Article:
Is everyone's brain capable of learning physics

In summary: This is not true at all in science. It takes people very long to actually understand a concept. You can't get through a science book by reading it once. You need to do exercises, ponder on the material,...
  • #36
You don't need physics to understand mathematics but you need mathematics to understand physics ;)
 
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  • #37
WannabeNewton said:
You don't need physics to understand mathematics but you need mathematics to understand physics ;)

Exactly, although to understand many applications of Mathematics you may need Physics. Anyone that says you do not need Mathematics for Physics surely hasn't studied Physics. Learning vague concepts without the Mathematical rigor is like me saying "I know how cars work, they use gas to then the wheels, thus I understand Engineering".
 
  • #38
WannabeNewton said:
You don't need physics to understand mathematics but you need mathematics to understand physics ;)

I suppose it's an "argument" that can't be "won".

You're right, nothing works better than math at describing physics. It is "of" observed physics via measurements. My point is the conceptual side of the physics along with the "operations" of mathematics are understood without the use of numbers.

I do accounting and sometimes finance type work. Yes there is math, and no I cannot recite the math. I understand the concepts of accounting and finance and look for the appropriate mathematics to perform simple calculations to determine what I want to know. I couldn't care less how a mathematician wishes to express this "operation".

math..pufft
 
  • #39
Jheavner724 said:
Exactly, although to understand many applications of Mathematics you may need Physics. Anyone that says you do not need Mathematics for Physics surely hasn't studied Physics. Learning vague concepts without the Mathematical rigor is like me saying "I know how cars work, they use gas to then the wheels, thus I understand Engineering".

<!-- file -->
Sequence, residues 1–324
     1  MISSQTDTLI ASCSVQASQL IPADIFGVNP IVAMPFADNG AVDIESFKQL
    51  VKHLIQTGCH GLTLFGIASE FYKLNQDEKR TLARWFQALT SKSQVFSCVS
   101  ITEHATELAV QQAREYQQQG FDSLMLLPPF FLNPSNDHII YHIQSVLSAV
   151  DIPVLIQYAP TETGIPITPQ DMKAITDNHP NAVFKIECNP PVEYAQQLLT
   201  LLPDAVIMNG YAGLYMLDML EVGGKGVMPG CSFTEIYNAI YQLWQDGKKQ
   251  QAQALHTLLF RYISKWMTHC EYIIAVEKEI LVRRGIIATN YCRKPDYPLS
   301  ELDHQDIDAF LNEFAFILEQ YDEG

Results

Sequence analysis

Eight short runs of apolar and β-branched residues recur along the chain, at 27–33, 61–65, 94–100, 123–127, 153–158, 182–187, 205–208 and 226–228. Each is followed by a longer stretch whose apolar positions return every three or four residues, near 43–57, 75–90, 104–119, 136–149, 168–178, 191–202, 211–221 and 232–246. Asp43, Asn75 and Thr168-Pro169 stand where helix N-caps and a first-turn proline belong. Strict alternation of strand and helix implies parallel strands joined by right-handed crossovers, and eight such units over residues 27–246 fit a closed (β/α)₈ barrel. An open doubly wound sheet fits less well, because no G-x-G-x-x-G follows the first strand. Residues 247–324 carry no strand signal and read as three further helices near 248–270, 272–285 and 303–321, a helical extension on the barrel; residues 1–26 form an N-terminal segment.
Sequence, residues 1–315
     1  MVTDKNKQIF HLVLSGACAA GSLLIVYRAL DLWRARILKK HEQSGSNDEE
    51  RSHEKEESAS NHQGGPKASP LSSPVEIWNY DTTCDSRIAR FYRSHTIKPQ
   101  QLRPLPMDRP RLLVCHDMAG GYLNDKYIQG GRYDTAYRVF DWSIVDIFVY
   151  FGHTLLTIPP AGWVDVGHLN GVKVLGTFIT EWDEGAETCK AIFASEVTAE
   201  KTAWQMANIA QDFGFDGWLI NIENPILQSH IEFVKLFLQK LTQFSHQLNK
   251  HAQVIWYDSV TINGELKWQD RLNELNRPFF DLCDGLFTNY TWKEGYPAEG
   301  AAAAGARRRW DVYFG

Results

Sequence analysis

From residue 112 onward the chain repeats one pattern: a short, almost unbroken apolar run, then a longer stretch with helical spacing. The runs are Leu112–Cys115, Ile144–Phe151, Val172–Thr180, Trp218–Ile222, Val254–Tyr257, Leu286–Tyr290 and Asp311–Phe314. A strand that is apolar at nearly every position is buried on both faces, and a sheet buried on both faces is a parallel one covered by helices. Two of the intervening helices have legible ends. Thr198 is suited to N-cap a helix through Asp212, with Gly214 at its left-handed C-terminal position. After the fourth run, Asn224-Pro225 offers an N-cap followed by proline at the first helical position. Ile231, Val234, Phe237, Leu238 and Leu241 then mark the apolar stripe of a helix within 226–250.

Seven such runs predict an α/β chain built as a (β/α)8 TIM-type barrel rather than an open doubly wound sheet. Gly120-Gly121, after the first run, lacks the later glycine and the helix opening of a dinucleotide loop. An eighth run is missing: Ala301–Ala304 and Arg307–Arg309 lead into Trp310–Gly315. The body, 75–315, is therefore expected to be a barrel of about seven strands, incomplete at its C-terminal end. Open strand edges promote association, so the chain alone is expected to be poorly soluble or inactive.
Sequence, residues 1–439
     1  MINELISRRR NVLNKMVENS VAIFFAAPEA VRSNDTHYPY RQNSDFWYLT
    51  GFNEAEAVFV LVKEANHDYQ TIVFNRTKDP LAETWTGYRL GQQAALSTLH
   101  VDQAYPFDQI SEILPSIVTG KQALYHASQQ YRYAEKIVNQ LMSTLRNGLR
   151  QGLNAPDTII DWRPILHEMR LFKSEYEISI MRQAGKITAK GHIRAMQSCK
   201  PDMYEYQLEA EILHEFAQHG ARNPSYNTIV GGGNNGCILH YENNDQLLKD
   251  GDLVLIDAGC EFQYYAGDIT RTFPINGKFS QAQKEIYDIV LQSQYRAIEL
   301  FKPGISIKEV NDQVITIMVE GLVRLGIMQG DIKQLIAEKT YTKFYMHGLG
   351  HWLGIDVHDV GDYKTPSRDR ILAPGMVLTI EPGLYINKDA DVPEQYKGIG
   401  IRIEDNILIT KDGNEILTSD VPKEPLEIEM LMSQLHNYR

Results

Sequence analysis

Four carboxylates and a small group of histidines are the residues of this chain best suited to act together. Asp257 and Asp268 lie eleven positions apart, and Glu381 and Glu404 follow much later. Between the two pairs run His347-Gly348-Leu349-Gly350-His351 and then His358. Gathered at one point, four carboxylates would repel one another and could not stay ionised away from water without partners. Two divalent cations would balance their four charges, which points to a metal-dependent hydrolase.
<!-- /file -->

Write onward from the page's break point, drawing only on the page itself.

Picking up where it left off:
Ah so a mechanic does not "understand" how a car "works" unless he is also an engineer... now I am catching the drift of this topic. Well with this train of thought, really only a physicist could understand how a car works. I suppose specifically a QM physicist, the rest of us simply don't understand how the car works.

:rolleyes:
 
  • #40
nitsuj said:
I suppose it's an "argument" that can't be "won".

You're right, nothing works better than math at describing physics. It is "of" observed physics via measurements. My point is the conceptual side of the physics along with the "operations" of mathematics are understood without the use of numbers.

I do accounting and sometimes finance type work. Yes there is math, and no I cannot recite the math. I understand the concepts of accounting and finance and look for the appropriate mathematics to perform simple calculations to determine what I want to know. I couldn't care less how a mathematician wishes to express this "operation".

math..pufft

I see your point, you can understand the basics of Physics without any math, but to understand it at it's core you must know certain mathematical subjects, mainly Calculus. For example, the Heat Equation is a differential equation, it's pretty hard to understand it if you don't know differential equations, and it is quite important for Physics. It is true that many Physicists consult with Mathematicians to help them, but the Physicists (usually) still understand the math quite well. Some Physicists avoid the Mathematics, but even they have to learn the basics like Calculus and it causes them a lot of trouble. The truth is, you don't absolutely need math to understand much of basic Physics, but to fully understand Physics and practice it you at least need Calculus.